So now what?

Now that I am credit card debt free, I ought to make a plan for going forward.  I have already written my revised 2009 goals which included:

  1. Pay off my credit card
  2. Have a debt free Christmas
  3. Replenish my emergency fund to a minimum of $1,000 by the end of 2009
  4. Increase my total RRSP contributions to $3,000 by the end of 2009

You have probably noticed that I moved my tracking bars around to reflect the changes.  I'm going to save $500 for my Christmas Fund as a priority, and then work on replenishing my Emergency Fund and Increasing my RRSP contribution.  Some would say, I believe, that I should put funds towards my E-fund first.  I think however; that if I don't save for Christmas now - I will go back into debt.  It's a priority for me not to let that happen - and should a small emergency occur I can use they money earmarked for Christmas.

I am also considering taking out an RRSP loan - which I would love to hear thoughts on.  When we get closer to tax time, I'll write a more thorough post on that.

I am going to continue using the jars, however; I'm going to look at increasing my entertainment and food jar bi-weekly allotments.  I would like to let myself enjoy the next four months without any significant financial stressors or worry.

Right now, I am thinking that my big 2010 goal will be to pay off my two student loans.  Do you think paying off a little more then $8,000 in one year is doable, or should I make this a two year goal?  or - Should I play catch up with my RRSP's - there's a lot to think about and plan for in 2010, and it's only 3.5 months away.

I suppose I've put out a few random questions and thoughts - I'd love to hear feedback on any of it


  1. The debt free Christmas is definitely a good idea. I would vote for getting your EF up to $1000, as a small hedge against things that could happen.

    If you do not have a good pension plan (a la Gail's post this morning) then taking out a loan for that can be a good idea if you use your tax return to first pay off that loan.

  2. Congrats on becoming credit card debt free! You must be so relieved.

    Re: Student loans...You are lucky this is your only debt now! I know the feeling of just wanting to get rid of them but you might want to consider balancing how fast you want to pay off your loans with how important you rank the rest of your goals. The nice benefit of government student loans is that the interest is tax deductible. Are you on a floating or fixed rate?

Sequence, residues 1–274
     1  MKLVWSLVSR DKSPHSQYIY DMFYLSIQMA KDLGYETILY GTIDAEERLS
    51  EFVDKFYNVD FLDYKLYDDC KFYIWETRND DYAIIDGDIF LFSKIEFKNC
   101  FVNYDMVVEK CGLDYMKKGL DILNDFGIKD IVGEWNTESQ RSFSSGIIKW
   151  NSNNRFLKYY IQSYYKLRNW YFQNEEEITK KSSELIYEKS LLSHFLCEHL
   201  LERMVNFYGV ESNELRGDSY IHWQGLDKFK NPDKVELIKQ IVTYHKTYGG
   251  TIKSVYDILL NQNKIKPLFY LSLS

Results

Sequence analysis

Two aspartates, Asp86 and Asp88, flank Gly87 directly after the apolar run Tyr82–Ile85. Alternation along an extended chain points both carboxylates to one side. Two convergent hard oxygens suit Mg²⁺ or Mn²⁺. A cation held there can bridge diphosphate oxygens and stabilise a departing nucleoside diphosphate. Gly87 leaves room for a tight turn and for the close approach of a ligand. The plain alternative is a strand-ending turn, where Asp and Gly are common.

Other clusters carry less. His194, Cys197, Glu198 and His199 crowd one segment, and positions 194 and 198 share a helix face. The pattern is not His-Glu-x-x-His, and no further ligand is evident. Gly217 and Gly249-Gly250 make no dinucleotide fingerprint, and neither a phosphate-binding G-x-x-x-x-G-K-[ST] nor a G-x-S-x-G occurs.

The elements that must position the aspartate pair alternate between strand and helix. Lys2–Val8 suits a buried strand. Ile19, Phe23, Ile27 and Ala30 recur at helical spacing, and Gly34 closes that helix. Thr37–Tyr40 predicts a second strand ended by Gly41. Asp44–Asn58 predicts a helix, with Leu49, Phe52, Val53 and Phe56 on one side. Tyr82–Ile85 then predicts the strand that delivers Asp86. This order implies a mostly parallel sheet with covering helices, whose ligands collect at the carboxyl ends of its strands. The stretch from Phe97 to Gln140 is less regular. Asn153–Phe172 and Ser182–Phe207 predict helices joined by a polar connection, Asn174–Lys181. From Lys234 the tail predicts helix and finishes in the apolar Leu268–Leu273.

My Alberta Student loan is approx $3500 right now but the interest is 2.5% floating so I'm barely paying $7 in interest each month. Although I'd love to just have it paid off so I don't have to think about it anymore, I've figured it out that my extra funds are better put towards other things (RRSP's, mortgage, EF, etc..) right now. Of course I may have to change this strategy if/when interest rates go up.

    But if you need that peace of mind that you are paying off those loans quickly and it ranks top, go for it. We'll all be cheering for you along the way! :)

  3. Congrats on getting CC Debt Free! Saving for Christmas now is a definite. You have the ability to move that CC payment over to your other goals. though here's my question to you...how important is being completely debt free to you?

    I ask this because regardless of the tax breaks on the interest of the student loans, perhaps you could think about making a lump sum payment towards one of them at the end of the year, to knock the principle out and free up some funds for the next year. While I understand that many will say to leave these going for a while because of the tax deductions on the interest, why while you have the ability to, wouldn't you like to get out from under those as well.

    On the RRSP loan option - I've heard arguments for and against this. My question here is why would you willingly go into debt with borrowed money for your future just to max out your contribution room? I get the idea behind it - you'll have the max in your RRSP, but you'll have to pay that debt back. "Good debt" though it may be, it's still debt. Something else you'll have to give back to someone. On the other hand you'll end up with a huge return that you can drop back onto this debt, but you won't be able to get the full amount of the RRSP loan back from the government so you'll still have residual to pay back.

    Though, topping out your RRSP sounds great! I guess really, topping out now would be greatly beneficial if you can max out each year after this with a more manageable contribution.
    I look forward to hearing your thoughts as we get closer to tax time.

  4. I took out an RRSP loan a couple of years ago to max out my contributions. I ended up getting a $4500 refund! And paid off the loan in about 2 months. But I would only do this again if I had the means of repaying the loan as quickly again.


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